Revolutions are sudden to the unthinking only. Political Disturbances happen not without their warning Harbingers. Strange Rumblings and confused Noises still precede these earthquakes and hurricains of the moral World. In the eventful years previous a Revolution, the Philosopher as he passes up and down the walks of Life, examines with an anxious eye the motives and manners, that characterise those who seem destined to be Actors in it. To delineate with a free hand the different Classes of our present Oppositionists to ‘Things as they are,’ — may be a delicate, but it is a necessary Task — in order that we may enlighten, or at least beware of, the misguided men who have enlisted themselves under the banners of Freedom.*
On Sunday, September 2nd, Senator John McCain was laid to rest at the U.S. Naval Academy in Annapolis, Maryland.
I saw Senator John McCain often during my 4 years working at the U.S. Capitol Building in the early-to-mid 1990s. He was usually cordial—if not sprinting to catch a vote—and would sometimes chat with me in the hallways or while waiting for a subway car or an elevator. I was honored when McCain agreed to write me a letter of recommendation for a job I was interested in with the City of Scottsdale, Arizona. (I decided not to take the job in AZ and stay on Capitol Hill.)
A colleague of mine explained to me one night why McCain couldn’t raise his arms above his shoulders. I had never really thought about it, but I’d noticed it on a few occasions while observing McCain at events. Having been taken prisoner and severely tortured during the Vietnam War, McCain had suffered life changing injuries that, I’m sure, reminded him of his torturers all his life.
Though McCain was a Republican he was known for his political independence; thus the nickname “Maverick,” because of his ready willingness to buck his own party and vote with Democrats when he felt it was the right thing to do. This independent streak, naturally, availed him with independent–minded people. In 99/2000, McCain ran for the Republican Presidential nomination and generated a lot of enthusiasm with voters, especially young voters, via his Straight Talk Express campaign. A memorable aspect of McCain’s primary campaign, and the theme his life exampled, was his call for Americans to devote themselves to something higher than themselves and their own personal self-interests.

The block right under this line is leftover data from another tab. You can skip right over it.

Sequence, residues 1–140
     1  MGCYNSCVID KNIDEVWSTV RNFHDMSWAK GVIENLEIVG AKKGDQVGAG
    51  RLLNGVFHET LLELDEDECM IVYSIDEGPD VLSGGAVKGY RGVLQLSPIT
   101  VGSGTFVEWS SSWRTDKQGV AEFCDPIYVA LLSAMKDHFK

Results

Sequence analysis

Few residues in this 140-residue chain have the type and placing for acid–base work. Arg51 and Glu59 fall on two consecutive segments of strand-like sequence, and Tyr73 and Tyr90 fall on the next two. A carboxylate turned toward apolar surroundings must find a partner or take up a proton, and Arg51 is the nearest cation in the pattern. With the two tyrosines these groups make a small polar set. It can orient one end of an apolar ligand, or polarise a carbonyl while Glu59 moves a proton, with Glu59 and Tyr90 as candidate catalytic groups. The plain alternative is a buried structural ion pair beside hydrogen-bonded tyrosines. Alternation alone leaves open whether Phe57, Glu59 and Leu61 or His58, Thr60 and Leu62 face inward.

Now generally speaking, a politician calling for self sacrifice and devotion to a higher purpose is usually met with a bit of skepticism and sometimes mocking laughter. But that’s always been hard to do in McCain’s case. Because there is a big difference—massive, really—between those who pontificate and those who actually put up. We can talk about country, honor, and code and our dedication to preserving and protecting them, but how many of us could actually do it if faced with extreme pain and suffering—for years!—for doing so?
I think it’s worth posting a brief summary of what happened to McCain as a prisoner in Vietnam. It’s a commentary on the strength of character. It’s painful to read. But please take the time to read it. David Foster Wallace spent some time with the Straight Talk Express in 2000, and he wrote the following for Rolling Stone. In this segment, Wallace explains why McCain is a hero, not for what he did, but for what he voluntarily suffered in the service of something higher than himself.
Here’s what happen. In October of ’67 McCain was himself still a Young Voter and ﬂying his 26th Vietnam combat mission and his A-4 Skyhawk plane got shot down over Hanoi and he had to eject, which basically means setting off an explosive charge that blows your seat out of the plane, and the ejection broke both McCain’s arms and one leg and gave him a concussion and he started falling out of the skies over Hanoi. Try to imagine for a second how much this would hurt and how scared you’d be, three limbs broken and falling toward the enemy capital you just tried to bomb. His chute opened late and he landed hard in a little lake in a park right in the middle of downtown Hanoi. Imagine treading water with broken arms and trying to pull the life vest’s toggle with your teeth as a crowd of Vietnamese men swim out toward you (there’s film of this, somebody had a home – movie camera, and the N.V. government released it, though it’s grainy and McCain’s face is hard to see). The crowd pulled him out and then just about killed him.